16. Obesity, Cardiovascular Fitness, and Inhibition Function: An Electrophysiological Study.

    PubMed

    Song, Tai-Fen; Chi, Lin; Chu, Chien-Heng; Chen, Feng-Tzu; Zhou, Chenglin; Chang, Yu-Kai

    2016-01-01

    The purpose of the present study was to examine how obesity and cardiovascular fitness are associated with the inhibition aspect of executive function from behavioral and electrophysiological perspectives. One hundred college students, aged 18-25 years, were categorized into four groups of equal size on the basis of body mass index and cardiovascular fitness: a normal-weight and high-fitness (NH) group, an obese-weight and high-fitness (OH) group, a normal-weight and low-fitness (NL) group, and an obese-weight and low-fitness (OL) group. Behavioral measures of response time and number of errors, as well as event-related potential measures of P3 and N1, were assessed during the Stroop Task. The results revealed that, in general, the NH group exhibited shorter response times and larger P3 amplitudes relative to the NL and OL groups, wherein the OL group exhibited the longest response time in the incongruent condition. No group differences in N1 indices were also revealed. These findings suggest that the status of being both normal weight and having high cardiovascular fitness is associated with better behavioral and later stages of electrophysiological indices of cognitive function.

  17. Mössbauer spectral curve fitting combining fundamentally different techniques

    NASA Astrophysics Data System (ADS)

    Susanto, Ferry; de Souza, Paulo

    2016-10-01

    We propose the use of fundamentally distinctive techniques to solve the problem of curve fitting a Mössbauer spectrum. The techniques we investigated are: evolutionary algorithm, basin hopping, and hill climbing. These techniques were applied in isolation and combined to fit different shapes of Mössbauer spectra. The results indicate that complex Mössbauer spectra can be automatically curve fitted using minimum user input, and combination of these techniques achieved the best performance (lowest statistical error). The software and sample of Mössbauer spectra have been made available through a link at the reference.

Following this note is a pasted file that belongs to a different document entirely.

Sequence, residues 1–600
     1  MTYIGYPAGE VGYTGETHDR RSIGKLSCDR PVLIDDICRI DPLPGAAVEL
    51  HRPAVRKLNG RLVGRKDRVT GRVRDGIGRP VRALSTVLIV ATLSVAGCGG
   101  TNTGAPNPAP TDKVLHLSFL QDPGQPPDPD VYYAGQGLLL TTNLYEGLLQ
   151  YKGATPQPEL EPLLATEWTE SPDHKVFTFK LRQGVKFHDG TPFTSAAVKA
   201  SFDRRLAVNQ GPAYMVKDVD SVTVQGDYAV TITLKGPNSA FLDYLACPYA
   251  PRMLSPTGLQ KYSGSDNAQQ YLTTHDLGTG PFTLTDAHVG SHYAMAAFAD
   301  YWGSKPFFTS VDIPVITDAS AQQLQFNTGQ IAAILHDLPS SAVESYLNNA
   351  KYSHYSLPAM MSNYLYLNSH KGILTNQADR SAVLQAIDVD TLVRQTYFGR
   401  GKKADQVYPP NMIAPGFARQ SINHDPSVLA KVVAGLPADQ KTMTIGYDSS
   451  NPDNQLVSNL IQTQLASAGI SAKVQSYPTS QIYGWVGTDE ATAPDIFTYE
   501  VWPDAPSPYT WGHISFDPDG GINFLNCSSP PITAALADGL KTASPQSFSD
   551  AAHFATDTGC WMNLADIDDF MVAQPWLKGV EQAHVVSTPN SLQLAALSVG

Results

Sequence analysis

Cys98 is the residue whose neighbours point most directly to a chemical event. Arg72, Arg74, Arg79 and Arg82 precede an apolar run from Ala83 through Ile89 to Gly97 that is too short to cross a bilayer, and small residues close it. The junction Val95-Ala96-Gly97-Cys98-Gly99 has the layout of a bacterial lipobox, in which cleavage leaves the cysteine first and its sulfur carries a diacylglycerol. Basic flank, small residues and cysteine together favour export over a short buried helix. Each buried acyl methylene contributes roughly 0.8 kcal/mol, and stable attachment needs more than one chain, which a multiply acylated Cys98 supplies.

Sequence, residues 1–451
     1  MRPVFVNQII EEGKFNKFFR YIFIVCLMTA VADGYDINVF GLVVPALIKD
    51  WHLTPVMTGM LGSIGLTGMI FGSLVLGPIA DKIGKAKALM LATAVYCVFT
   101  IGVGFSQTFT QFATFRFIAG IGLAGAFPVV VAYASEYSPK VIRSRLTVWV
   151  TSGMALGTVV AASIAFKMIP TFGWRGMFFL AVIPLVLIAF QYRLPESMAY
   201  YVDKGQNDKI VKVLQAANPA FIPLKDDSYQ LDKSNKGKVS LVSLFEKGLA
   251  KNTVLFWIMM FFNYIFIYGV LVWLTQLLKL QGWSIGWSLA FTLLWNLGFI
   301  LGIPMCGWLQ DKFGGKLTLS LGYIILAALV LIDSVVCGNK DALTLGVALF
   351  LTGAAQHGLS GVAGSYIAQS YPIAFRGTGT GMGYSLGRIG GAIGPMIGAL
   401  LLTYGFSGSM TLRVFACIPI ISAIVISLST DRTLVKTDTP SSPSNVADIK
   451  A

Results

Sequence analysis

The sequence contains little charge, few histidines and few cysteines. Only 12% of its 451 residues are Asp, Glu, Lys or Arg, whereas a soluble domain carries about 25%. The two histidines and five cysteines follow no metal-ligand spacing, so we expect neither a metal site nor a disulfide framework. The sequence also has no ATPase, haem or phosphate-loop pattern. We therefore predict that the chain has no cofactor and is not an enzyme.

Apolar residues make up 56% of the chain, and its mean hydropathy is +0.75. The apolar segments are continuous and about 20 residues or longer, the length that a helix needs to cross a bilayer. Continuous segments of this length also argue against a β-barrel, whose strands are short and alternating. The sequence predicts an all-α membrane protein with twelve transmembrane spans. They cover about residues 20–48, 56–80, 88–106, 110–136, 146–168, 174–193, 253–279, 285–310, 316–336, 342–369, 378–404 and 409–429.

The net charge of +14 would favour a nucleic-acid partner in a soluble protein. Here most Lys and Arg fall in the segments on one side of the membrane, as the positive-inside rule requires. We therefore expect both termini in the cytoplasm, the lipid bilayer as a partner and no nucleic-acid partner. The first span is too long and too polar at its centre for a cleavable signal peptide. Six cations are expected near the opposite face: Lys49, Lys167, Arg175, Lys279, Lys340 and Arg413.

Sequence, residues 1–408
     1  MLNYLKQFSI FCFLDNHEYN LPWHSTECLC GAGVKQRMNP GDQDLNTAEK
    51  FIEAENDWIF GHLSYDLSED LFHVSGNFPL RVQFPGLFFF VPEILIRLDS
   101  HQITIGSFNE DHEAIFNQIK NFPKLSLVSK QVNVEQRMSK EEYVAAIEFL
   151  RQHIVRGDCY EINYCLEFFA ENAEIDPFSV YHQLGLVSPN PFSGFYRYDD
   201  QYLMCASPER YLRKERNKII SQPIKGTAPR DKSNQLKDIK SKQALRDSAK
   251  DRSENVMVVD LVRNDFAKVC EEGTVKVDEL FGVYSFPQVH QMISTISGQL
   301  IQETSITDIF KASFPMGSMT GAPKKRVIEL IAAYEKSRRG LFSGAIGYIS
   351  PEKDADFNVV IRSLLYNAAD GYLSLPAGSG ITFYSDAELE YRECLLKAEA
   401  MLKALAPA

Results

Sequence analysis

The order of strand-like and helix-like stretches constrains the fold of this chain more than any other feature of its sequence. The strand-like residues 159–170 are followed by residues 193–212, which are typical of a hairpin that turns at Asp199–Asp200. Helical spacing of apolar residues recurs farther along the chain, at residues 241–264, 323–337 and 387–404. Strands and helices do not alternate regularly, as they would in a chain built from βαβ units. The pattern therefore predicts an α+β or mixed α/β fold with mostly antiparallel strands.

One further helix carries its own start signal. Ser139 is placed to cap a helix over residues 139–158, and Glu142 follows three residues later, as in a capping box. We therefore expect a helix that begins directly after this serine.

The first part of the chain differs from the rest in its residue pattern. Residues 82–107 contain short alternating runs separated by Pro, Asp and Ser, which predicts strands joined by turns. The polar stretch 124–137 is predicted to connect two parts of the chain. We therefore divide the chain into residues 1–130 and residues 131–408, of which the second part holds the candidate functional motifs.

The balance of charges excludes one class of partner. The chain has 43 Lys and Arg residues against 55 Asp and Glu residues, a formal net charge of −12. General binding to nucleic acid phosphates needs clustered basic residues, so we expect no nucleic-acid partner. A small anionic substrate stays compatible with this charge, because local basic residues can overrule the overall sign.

18. The fitness value of information

    PubMed Central

    Donaldson-Matasci, Matina C.; Bergstrom, Carl T.; Lachmann, Michael

    2013-01-01

    Communication and information are central concepts in evolutionary biology. In fact, it is hard to find an area of biology where these concepts are not used. However, quantifying the information transferred in biological interactions has been difficult. How much information is transferred when the first spring rainfall hits a dormant seed, or when a chick begs for food from its parent? One measure that is commonly used in such cases is fitness value: by how much, on average, an individual’s fitness would increase if it behaved optimally with the new information, compared to its average fitness without the information. Another measure, often used to describe neural responses to sensory stimuli, is the mutual information—a measure of reduction in uncertainty, as introduced by Shannon in communication theory. However, mutual information has generally not been considered to be an appropriate measure for describing developmental or behavioral responses at the organismal level, because it is blind to function; it does not distinguish between relevant and irrelevant information. In this paper we show that there is in fact a surprisingly tight connection between these two measures in the important context of evolution in an uncertain environment. In this case, a useful measure of fitness benefit is the increase in the long-term growth rate, or the fold increase in number of surviving lineages. We show that in many cases the fitness value of a developmental cue, when measured this way, is exactly equal to the reduction in uncertainty about the environment, as described by the mutual information. PMID:25843980

  19. Accelerated Fitting of Stellar Spectra

    NASA Astrophysics Data System (ADS)

    Ting, Yuan-Sen; Conroy, Charlie; Rix, Hans-Walter

    2016-07-01